What is Autism Spectrum Disorder?
Autism Spectrum Disorder is a range of disorders characterized by significant communication problems, sensory problems, and social difficulties. As a result of these symptoms, ASD can impact a person’s ability to communicate and function in everyday life.
ASD can manifest as emotional and behavioral symptoms – especially challenges with appropriate social interaction. For example, individuals and children with ASD may struggle with reading facial expressions, making eye contact, relating to peers, and making friends. Children with ASD may reject affection, engage in repetitive actions, and use odd gestures to indicate their needs or emotions. ASD may also manifest physically as motions like hand-flapping and walking on toes. Extreme reactions to sensory stimuli are also indicative of ASD.
It is important to understand that ASD is a spectrum – it is a range of symptoms that vary in severity. In other words, each person affected by ASD will exhibit their symptoms differently. The term “ASD” now includes a host of disorders that at one time were classified as distinct disorders and are no longer used in diagnoses. These include high-functioning Autism, Asperger’s Syndrome, and pervasive developmental disorders not-otherwise-specified. Now, ASD is categorized by levels of severity. The three levels that clinicians apply to ASD diagnoses are simply Level 1, Level 2, and Level 3.
Level 1: Individuals with ASD Level 1 are considered high-functioning, as this level is milder than the others on the Autism Spectrum. These individuals need little support in their everyday lives. They still struggle with communication and social interactions, but they can function independently in the world.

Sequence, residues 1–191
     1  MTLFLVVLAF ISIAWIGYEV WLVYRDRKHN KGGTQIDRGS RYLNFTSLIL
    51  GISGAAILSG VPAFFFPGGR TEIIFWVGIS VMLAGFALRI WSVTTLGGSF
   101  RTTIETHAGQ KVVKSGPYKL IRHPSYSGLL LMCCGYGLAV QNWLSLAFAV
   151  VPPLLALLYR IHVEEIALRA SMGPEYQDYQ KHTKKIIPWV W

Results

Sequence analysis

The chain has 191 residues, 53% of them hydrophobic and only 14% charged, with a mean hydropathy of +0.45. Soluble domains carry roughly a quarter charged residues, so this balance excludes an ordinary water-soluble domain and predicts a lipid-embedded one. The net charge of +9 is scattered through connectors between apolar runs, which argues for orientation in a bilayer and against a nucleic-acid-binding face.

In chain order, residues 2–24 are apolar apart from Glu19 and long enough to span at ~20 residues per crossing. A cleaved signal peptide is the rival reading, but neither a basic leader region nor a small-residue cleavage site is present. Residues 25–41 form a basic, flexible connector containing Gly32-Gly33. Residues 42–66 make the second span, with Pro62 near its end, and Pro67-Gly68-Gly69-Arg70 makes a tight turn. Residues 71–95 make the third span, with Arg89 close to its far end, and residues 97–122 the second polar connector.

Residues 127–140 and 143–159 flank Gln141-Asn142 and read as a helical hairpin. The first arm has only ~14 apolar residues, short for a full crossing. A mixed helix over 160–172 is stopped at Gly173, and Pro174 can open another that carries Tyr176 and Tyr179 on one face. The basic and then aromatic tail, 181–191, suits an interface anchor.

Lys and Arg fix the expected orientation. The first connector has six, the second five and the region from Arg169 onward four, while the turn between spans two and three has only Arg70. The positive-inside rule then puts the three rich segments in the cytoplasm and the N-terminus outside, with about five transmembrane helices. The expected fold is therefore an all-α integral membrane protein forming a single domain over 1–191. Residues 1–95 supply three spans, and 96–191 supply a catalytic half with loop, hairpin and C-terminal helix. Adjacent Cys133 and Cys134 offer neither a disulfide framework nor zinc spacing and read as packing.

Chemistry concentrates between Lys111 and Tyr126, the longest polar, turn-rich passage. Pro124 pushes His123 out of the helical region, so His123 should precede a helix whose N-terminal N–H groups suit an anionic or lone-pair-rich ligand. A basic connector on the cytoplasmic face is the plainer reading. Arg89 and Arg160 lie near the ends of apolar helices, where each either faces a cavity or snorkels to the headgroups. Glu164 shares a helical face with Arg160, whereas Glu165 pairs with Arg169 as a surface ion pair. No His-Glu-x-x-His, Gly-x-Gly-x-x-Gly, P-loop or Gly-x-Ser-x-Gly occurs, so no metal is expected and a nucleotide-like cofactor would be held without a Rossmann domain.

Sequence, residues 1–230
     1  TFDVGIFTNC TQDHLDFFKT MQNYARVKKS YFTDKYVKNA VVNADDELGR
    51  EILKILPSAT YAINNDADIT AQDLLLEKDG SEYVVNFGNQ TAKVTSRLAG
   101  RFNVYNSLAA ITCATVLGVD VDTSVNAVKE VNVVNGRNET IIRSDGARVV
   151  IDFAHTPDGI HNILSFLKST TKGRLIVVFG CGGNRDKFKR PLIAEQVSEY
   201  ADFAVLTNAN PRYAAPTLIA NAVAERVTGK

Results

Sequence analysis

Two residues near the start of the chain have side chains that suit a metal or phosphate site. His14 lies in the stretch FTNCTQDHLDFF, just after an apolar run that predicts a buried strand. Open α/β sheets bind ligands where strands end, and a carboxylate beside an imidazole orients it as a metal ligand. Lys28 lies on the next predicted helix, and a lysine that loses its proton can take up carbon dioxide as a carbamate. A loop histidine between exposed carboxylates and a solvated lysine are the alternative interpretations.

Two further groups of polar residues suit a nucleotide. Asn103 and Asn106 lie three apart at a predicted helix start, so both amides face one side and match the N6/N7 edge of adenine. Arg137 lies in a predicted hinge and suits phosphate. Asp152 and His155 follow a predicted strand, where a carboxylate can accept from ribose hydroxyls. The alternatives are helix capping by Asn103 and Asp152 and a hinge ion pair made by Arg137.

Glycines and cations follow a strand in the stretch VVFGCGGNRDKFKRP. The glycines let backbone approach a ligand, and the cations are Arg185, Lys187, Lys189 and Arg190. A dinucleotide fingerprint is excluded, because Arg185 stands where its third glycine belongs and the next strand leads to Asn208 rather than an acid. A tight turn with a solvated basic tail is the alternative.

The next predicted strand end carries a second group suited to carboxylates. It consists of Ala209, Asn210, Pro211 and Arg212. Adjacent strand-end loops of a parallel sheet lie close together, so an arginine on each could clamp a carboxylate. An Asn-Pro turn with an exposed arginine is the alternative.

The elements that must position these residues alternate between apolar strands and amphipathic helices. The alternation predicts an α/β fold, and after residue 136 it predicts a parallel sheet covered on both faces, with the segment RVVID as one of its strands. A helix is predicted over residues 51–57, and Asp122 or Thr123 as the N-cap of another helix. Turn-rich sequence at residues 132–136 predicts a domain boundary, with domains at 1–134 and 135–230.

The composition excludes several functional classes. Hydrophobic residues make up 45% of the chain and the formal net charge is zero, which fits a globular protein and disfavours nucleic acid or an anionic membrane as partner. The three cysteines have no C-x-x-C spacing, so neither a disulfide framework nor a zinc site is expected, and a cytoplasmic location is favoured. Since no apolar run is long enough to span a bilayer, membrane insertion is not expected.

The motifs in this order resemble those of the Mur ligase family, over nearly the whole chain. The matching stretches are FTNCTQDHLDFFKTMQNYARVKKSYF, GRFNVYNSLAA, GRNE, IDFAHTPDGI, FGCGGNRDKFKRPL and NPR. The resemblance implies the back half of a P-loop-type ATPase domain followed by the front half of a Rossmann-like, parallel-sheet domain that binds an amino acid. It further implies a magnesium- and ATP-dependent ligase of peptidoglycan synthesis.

Level 2: At this level, individuals have difficulty engaging in conversation. They may answer others inappropriately and only speak about topics that interest them. This level of ASD also manifests itself in nonverbal behavior, such as facing away during conversation and the avoidance of eye contact. Changes in routine can cause individuals with ASD Level 2 extreme anxiety and distress.
Level 3: This is the most severe of all the levels of ASD. Those diagnosed with ASD Level 3 require significant support in their everyday lives, especially because their speech may be difficult to understand. Children and adults affected by ASD Level 3 may initiate very few social interactions if any, and engage in highly repetitive behaviors. Also, when routines are changed, it causes these individuals great distress and anxiety.
A diagnosis of ASD is most appropriate at the age of two or older. Early diagnosis is critical – the earlier that treatment and therapy can begin, the higher the chances become of the child learning strategies that will allow them to live a more independent life. Furthermore, while there is no cure for ASD, there are many treatments that have shown to be effective in helping children live with the difficulties that accompany ASD. These include Applied Behavioral Analysis, occupational and physical therapies, speech therapy, and some medicines. Altogether, ASD can impact almost every aspect of an individual’s life, but it is important to remember that early diagnosis and intervention can be key in helping children learn and live with the disorder.